• This means if you are not careful you can bloat the file system by making a bunch of unnecessary changes to add/delete files.
  • docker commit commits the top-layer changes to an image, meaning all the files changes are saved.

See image size with

docker images. Even though you remove a file, the image size will increase! This is because of the Union File System

See size of all layers

docker history <image name>

flatten an image This is kind of complicated, you can do this by exporting and importing the filesystem into a base image See pg. 140. BUT there is an experimental feature called docker build --squash -t <image> .You can enable experimental features by following these instructions: dockerd Docker Documentation. For Mac, you can turn on experimental features by setting experimental: true in `settings> Command Line > enable experimental

Chapter 8 Build Automation

  • use .dockerignore to prevent certain files from being copied
  • You can set multiple environment variables at once in Dockerfile
  • You can use environment variables in the LABEL command
    • The metadata makes it clear that the environment variable substitution works. You can use this form of substitution in the ENV, ADD, COPY, WORKDIR, VOLUME, EXPOSE, and USER instructions.
LABEL "Mailer Archetype" base.version "${VERSION}"
  • view metadata using the command docker inspect <image name>

ENTRYPOINT something arugment vs. ENTRYPOINT [“something”, “argument”]

TLDR; use the ugly list approach

There are two instruction forms shell form and exec form docker - Dockerfile CMD shell versus exec form - Stack Overflow

The ENTRYPOINT instruction has two forms: the shell form and an exec form. The shell form looks like a shell command with whitespace-delimited arguments. The exec form is a string array where the first value is the command to execute and the remaining values are arguments. .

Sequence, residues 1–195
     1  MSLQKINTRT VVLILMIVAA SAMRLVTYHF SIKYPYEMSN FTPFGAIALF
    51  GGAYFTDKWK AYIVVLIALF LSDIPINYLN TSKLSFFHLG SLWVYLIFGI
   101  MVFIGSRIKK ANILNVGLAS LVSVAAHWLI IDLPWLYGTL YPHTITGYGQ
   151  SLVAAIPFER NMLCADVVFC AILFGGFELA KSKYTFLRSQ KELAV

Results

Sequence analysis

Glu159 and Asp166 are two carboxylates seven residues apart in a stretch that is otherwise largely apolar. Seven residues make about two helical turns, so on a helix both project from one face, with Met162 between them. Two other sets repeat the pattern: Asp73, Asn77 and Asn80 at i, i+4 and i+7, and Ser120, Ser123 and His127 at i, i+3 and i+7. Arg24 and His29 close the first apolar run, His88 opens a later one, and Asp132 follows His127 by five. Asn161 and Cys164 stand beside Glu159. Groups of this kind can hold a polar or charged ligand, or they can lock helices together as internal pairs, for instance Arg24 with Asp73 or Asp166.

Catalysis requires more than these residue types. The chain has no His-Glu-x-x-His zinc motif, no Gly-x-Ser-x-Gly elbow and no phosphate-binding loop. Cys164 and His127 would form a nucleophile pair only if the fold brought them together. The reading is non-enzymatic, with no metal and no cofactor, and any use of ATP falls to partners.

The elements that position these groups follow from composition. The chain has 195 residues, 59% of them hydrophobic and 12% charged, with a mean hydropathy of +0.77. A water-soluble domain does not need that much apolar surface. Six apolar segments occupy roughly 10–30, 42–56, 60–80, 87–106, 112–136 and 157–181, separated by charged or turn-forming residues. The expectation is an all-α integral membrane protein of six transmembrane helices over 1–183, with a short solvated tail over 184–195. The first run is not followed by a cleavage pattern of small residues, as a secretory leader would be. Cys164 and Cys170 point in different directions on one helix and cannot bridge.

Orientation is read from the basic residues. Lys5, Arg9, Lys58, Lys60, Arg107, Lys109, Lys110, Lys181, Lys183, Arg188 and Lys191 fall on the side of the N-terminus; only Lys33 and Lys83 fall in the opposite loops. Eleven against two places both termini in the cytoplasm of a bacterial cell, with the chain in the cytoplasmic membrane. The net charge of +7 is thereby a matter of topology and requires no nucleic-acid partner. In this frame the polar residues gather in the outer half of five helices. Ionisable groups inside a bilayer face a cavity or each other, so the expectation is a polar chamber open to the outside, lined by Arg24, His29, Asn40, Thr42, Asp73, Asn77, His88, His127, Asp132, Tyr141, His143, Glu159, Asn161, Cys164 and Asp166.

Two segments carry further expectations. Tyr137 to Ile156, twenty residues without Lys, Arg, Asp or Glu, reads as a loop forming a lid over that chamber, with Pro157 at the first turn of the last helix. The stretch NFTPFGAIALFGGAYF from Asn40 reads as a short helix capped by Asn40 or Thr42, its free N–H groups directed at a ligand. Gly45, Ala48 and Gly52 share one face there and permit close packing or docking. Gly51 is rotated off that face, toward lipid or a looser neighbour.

Most importantly, if the shell form is used for ENTRYPOINT, then all other arguments provided by the CMD instruction or at runtime as extra arguments to docker run will be ignored. This makes the shell form of ENTRYPOINT less flexible.

Other commands can use the exec form too! You must use the exec form when any of the arguments contain a whitespace:

FROM dockerinaction/mailer-base:0.6 
COPY ["./log-impl", "${APPROOT}"] 
RUN chmod a+x ${APPROOT}/${APP} && \ chown example:example /var/log 
USER example:example 
VOLUME ["/var/log"]  # each value in this array will be created as a new volume definition
CMD ["/var/log/mailer.log"]

Note: you usually don’t want to specify a volume at build time.

CMD vs. ENTRYPOINT (You should really try to always use both!)

CMD is actually an argument list for the ENTRYPOINT.

  • Logically when you run a container it runs as <default shell program> ENTRYPOINT CMD
  • You can override the ENTRYPOINT with docker run --entrypoint, and you can override commands by just passing commands to docker run : docker run <image name> <command>
FROM ubuntu

CMD ["-lah"]

As you can see using ENTRYPOINT as well as CMD separately provides your downstream users with the most flexibility.


Use COPY. ADD has additional functionality like ability to download from urls and decompress files, which proved opaque over time and you shouldn’t use it.


The ONBUILD instruction defines instructions to execute if the resulting image is used as a base for another build. those ONBUILD instructions are executed after the FROM instruction and before the next instruction in a Dockerfile.

FROM busybox:latest 
WORKDIR /app RUN touch /app/base-evidence 
ONBUILD RUN ls -al /app

Other Stuff

  • You should always validate the presence of required environment variables in a startup shell script like

Docker Digests

Reference the exact SHA of a Container which is the only way to guarantee the image you are referencing has not changed. @ symbol followed by the digest.

Hamel: doesn’t look like a good way to find history of digests, but you can see the current SHA when you use docker pull , you can see the SHA as well if you call docker images --digests